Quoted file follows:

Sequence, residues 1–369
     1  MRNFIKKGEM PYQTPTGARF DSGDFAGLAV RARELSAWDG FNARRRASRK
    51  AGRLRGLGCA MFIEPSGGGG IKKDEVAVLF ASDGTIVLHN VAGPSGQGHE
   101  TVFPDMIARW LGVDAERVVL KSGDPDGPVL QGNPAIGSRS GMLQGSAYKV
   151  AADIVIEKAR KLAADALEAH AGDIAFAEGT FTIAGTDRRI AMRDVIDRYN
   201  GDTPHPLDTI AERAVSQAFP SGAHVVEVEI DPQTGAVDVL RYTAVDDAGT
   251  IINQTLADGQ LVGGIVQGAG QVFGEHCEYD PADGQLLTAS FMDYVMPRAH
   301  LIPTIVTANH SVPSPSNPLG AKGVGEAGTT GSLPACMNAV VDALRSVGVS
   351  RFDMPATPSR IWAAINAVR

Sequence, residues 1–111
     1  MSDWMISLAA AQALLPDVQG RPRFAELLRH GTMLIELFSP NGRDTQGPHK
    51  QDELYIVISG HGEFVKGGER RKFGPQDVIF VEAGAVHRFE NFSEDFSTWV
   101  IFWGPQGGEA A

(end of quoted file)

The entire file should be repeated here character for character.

Sequence, residues 1–369
     1  MRNFIKKGEM PYQTPTGARF DSGDFAGLAV RARELSAWDG FNARRRASRK
    51  AGRLRGLGCA MFIEPSGGGG IKKDEVAVLF ASDGTIVLHN VAGPSGQGHE
   101  TVFPDMIARW LGVDAERVVL KSGDPDGPVL QGNPAIGSRS GMLQGSAYKV
   151  AADIVIEKAR KLAADALEAH AGDIAFAEGT FTIAGTDRRI AMRDVIDRYN
   201  GDTPHPLDTI AERAVSQAFP SGAHVVEVEI DPQTGAVDVL RYTAVDDAGT
   251  IINQTLADGQ LVGGIVQGAG QVFGEHCEYD PADGQLLTAS FMDYVMPRAH
   301  LIPTIVTANH SVPSPSNPLG AKGVGEAGTT GSLPACMNAV VDALRSVGVS
   351  RFDMPATPSR IWAAINAVR

Sequence, residues 1–111
     1  MSDWMISLAA AQALLPDVQG RPRFAELLRH GTMLIELFSP NGRDTQGPHK
    51  QDELYIVISG HGEFVKGGER RKFGPQDVIF VEAGAVHRFE NFSEDFSTWV
   101  IFWGPQGGEA A